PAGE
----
Mohamed ElBaradei to be named Egypt's interim PM: sources

CAIRO Sat Jul 6, 2013 2:41pm EDT

International Atomic Eenergy Agency Director General Mohammed Elbaradei speaks with journalists in Tehran, Iran April 12, 2006. REUTERS/Morteza Nikoubazl

International Atomic Eenergy Agency Director General Mohammed Elbaradei speaks with journalists in Tehran, Iran April 12, 2006.

Credit: Reuters/Morteza Nikoubazl

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CAIRO (Reuters) - Mohamed ElBaradei, a former U.N. nuclear agency chief, will be named Egypt's interim prime minister later on Saturday, a presidential source told Reuters.

Interim head of state Adli Mansour was installed on Thursday to oversee a military roadmap to elections, the day after the army overthrew Islamist President Mohamed Mursi.

ElBaradei was among liberal leaders who opposed Mursi and called for the massive protests that showed how the Muslim Brotherhood had angered millions of Egyptians.

Mansour held talks on Saturday with the army chief and political leaders, including ElBaradei, on how to pull the country out of crisis as the death toll from Islamist protests over the army's overthrow of Mursi rose to at least 35.

Mansour later summoned ElBaradei back to the presidential palace, the state news agency reported, without giving more details.

The prime minister will be sworn in at 8 p.m. (2:00 p.m. EDT), state newspaper Al-Ahram reported, not naming who will be sworn in.

Mahmoud Badr, founder of the "Tamarud-Rebel!" movement that organized the mass anti-Mursi demonstrations, told Reuters that he had been informed by an aide to Mansour that ElBaradei had been selected.

A senior official in the Freedom and Justice Party, the Brotherhood's political wing, said he rejected Mohamed ElBaradei's appointment as interim prime minister and described him as Washington's choice.

"We reject this coup and all that results from it, including ElBaradei," Farid Ismail told Reuters at an Islamist gathering in northern Cairo.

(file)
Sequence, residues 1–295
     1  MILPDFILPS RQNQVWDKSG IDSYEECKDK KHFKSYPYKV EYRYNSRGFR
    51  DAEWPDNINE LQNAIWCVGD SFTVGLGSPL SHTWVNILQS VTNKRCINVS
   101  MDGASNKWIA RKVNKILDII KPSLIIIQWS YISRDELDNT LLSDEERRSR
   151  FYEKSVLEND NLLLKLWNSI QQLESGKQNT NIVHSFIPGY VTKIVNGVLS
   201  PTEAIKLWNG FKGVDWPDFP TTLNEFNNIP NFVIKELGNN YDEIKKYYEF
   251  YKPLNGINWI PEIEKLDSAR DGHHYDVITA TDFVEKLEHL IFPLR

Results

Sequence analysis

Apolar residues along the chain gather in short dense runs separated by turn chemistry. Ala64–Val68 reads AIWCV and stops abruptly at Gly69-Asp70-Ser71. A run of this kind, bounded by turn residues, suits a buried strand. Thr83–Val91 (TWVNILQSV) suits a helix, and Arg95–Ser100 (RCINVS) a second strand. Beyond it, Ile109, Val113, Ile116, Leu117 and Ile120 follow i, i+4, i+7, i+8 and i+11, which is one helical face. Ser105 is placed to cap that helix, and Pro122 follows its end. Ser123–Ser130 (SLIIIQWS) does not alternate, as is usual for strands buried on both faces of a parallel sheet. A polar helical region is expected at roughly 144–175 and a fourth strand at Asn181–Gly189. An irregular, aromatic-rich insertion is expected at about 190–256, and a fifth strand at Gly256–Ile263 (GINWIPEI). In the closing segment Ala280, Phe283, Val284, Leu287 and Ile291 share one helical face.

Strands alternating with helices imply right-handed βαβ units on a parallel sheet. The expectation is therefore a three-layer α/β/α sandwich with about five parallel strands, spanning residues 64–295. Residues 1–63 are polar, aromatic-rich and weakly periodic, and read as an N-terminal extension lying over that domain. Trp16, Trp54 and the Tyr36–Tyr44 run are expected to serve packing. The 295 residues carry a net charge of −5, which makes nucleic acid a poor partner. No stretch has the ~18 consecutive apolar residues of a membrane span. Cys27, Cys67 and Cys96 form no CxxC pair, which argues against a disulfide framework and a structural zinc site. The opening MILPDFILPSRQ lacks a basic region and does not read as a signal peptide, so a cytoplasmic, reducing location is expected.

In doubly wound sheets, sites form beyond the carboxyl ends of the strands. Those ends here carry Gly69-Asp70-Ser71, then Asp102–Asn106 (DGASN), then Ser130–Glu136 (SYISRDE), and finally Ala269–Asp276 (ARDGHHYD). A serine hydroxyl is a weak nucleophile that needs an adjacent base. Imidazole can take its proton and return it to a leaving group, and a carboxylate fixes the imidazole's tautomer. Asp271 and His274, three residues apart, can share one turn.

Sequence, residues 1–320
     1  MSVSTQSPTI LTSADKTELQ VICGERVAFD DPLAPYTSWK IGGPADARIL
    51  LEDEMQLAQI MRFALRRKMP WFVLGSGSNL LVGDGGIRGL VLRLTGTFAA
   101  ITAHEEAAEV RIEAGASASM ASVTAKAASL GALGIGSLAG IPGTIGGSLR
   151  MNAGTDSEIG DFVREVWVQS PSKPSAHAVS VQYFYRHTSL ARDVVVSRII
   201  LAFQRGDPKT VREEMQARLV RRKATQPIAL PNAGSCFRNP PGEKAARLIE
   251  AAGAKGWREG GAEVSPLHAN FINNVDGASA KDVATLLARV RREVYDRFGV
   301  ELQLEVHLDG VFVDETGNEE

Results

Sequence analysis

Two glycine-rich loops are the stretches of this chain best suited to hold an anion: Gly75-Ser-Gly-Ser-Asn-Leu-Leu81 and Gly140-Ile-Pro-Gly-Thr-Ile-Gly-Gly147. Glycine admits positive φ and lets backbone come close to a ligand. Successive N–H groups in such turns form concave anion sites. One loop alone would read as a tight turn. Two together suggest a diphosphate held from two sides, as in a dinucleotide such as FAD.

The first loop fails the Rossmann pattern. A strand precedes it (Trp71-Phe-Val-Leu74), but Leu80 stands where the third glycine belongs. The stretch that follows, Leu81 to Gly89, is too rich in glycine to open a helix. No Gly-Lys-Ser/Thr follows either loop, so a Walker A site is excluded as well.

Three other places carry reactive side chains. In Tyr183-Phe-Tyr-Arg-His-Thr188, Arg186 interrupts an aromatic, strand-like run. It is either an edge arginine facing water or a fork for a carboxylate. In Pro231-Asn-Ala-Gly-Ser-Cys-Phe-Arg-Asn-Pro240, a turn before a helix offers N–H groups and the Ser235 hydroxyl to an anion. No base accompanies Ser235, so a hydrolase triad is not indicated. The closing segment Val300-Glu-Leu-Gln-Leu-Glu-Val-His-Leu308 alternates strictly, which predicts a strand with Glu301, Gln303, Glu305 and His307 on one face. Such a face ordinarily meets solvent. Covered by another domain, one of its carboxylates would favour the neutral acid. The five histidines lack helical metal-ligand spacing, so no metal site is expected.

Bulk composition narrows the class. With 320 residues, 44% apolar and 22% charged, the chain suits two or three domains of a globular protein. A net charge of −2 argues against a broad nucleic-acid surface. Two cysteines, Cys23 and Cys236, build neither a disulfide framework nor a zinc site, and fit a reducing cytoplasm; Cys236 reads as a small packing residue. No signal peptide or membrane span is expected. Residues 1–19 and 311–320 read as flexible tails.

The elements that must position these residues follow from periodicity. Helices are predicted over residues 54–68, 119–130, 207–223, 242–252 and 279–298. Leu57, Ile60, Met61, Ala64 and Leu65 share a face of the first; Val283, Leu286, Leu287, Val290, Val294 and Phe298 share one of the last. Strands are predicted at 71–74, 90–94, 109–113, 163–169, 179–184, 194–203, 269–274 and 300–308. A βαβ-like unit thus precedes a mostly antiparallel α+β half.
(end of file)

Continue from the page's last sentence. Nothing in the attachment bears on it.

Political sources have said ElBaradei, who won the Nobel peace prize for his work as head of the International Atomic Energy Agency (IAEA), would also be acceptable to Western governments that have been reluctant to call the removal of Mursi and his Muslim Brotherhood a military coup.

(Reporting by Yasmine Saleh and Paul Taylor; writing by Maggie Fick, editing by Sarah McFarlane)

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Comments (2)
LC100 wrote:
I don’t think there has been too much interference by the US, but the US needs to stay out of this struggle. It’s up to the Egyptians to settle this and figure out what democracy really is. The value of free elections isn’t truly understood just by holding elections, but by experimenting, evolving and growing. So far, this is going relatively well–but it will take more time and maybe more bruising. I give them credit, they are braver than Americans now who seem to just tweet their complaints and just go back into a life of me me me.

Jul 06, 2013 2:42pm EDT  --  Report as abuse
DifferentOne wrote:
Let’s hope this change leads to better treatment of women in Egypt.

Jul 06, 2013 3:19pm EDT  --  Report as abuse
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